So, if you come up with an elaborate design for a drink bottle, the design could be legally safeguarded under copyright law. However, the copyright will not protect the functional elements of your product. It only covers the visual design.
Therefore, copyright is limited protection that is only available for specific items. Only use copyright to protect your product if it suits the visual-design aspect of that product.
Copyright is best used for products when you want to prevent others from copying a visual design verbatim to make counterfeit items.
# 5 – Trademark
Along with patents, a trademark is one of the best ways of legally protecting elements of your new product. A registered trademark can be applied to a product’s logo, accompanying slogan, and other parts.
It is simple to gain a registered trademark for qualifying brands and products and it only costs a few hundred dollars. Apply at the US Patent and Trademark Office.
Once your trademark is registered, it not only stops others from using things like your brand name, it also enhances your brand because customers will associate the registered trademark symbol with trustworthiness and reputability.
# 6 – Non-Disclosure Agreement (NDA)
You not only need your product to be protected from third-party usage, you also need to protect it while it is in development.
That means ensuring anyone who has access to the project does not share the product design with any third parties who could potentially create a similar product and get it to market before you have legally safeguarded your product.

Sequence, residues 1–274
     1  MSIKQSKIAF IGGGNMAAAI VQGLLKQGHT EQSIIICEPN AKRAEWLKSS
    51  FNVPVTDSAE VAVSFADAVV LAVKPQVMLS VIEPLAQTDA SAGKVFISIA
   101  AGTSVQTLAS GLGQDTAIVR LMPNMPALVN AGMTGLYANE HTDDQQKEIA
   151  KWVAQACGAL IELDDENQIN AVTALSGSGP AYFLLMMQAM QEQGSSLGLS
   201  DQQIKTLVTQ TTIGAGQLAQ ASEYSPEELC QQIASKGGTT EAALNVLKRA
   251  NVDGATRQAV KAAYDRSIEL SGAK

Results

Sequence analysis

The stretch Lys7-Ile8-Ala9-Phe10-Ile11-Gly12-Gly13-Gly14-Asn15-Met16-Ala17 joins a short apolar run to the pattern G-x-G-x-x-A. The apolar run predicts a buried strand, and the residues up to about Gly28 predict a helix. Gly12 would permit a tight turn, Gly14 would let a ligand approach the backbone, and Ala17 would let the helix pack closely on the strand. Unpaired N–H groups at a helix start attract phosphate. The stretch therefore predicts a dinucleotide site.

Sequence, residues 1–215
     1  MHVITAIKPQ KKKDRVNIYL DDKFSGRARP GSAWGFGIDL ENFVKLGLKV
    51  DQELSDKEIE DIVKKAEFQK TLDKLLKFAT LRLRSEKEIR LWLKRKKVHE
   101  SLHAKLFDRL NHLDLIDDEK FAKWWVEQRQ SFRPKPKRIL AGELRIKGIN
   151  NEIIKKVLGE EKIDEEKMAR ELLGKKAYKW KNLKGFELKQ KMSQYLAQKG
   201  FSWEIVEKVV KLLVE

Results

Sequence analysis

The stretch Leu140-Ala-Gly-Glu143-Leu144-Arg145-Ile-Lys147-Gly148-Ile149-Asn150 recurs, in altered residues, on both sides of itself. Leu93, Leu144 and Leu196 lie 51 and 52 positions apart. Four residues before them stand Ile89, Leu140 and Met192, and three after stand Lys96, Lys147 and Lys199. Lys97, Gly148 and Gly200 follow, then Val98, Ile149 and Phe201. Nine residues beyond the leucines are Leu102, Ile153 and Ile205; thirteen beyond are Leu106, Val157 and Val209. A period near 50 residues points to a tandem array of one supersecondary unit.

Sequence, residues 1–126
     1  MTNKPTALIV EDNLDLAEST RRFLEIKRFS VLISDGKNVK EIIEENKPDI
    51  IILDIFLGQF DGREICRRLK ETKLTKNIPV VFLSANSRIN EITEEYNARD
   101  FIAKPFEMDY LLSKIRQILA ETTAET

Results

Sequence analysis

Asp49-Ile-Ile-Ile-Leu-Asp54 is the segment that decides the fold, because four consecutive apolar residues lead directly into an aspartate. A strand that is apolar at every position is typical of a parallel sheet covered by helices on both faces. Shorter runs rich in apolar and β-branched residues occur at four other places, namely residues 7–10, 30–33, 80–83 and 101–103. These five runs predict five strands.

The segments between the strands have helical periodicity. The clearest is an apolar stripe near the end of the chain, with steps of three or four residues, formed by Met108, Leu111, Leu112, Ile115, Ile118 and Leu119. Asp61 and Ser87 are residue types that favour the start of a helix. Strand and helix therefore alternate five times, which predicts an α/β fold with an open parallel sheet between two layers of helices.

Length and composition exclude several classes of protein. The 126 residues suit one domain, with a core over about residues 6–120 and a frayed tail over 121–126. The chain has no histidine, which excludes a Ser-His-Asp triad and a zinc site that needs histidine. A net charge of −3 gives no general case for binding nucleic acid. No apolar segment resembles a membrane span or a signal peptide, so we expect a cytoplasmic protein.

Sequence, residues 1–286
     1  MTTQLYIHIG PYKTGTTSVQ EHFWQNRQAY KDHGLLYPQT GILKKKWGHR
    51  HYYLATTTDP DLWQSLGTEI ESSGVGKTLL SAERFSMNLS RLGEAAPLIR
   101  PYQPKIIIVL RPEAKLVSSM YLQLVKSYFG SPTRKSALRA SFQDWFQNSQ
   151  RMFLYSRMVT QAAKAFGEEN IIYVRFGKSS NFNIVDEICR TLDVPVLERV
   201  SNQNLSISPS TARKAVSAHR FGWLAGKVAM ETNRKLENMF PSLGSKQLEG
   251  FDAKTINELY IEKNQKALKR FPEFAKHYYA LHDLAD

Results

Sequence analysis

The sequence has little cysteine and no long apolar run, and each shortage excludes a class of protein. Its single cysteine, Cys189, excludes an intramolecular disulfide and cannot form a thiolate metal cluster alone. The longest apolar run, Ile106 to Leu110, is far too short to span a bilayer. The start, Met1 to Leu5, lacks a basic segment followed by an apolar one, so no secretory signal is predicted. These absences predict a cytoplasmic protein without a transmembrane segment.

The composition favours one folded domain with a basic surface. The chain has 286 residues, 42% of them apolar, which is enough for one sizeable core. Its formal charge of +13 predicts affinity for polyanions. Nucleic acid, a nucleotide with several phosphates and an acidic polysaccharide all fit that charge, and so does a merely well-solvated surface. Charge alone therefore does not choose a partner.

If this happens, you are left with a product that you cannot sell after having wasted your resources, money, and time.
Legally protecting a product before it is ready can be challenging, but you can ensure that no one involved with its production gives away your secrets by getting each person to sign a non-disclosure agreement.
The agreement ensures that confidentiality is a formal condition of a working relationship. The contract should not include an end date in order to maximize your product’s protection further.
There are two types of non-disclosure agreements. Mutual agreements hold both parties in confidence. Unilateral agreements state the other party cannot reveal product secrets.
#7 – Non-Compete / Work-for-Hire Agreement
Non-compete agreements and work-for-hire agreements are similar to non-disclosure agreements in that they ensure product secrets remain confidential.
A non-compete agreement can be used for anyone you hire to work on developing your product who has access to your information, ideas, or processes. A time period will be given in a non-compete agreement.
A work-for-hire agreement is ideal for ensuring people working on your product design keep not only the original idea confidential but also keep incremental modifications and improvements secret.
Basically, a work-for-hire agreement makes sure you own the intellectual property of whatever your work-for-hire teams create.
Other content you may like:
- Why Patents Are a Death Trap for Entrepreneurs and Inventors
- How to File a U.S. Provisional Patent Application (PPA)
- How to Protect Yourself While Bringing Your Product to Market
- How to Not Get Ripped Off Bringing Your Invention to Market
- How to Conduct Your Own Patent and Prior Art Search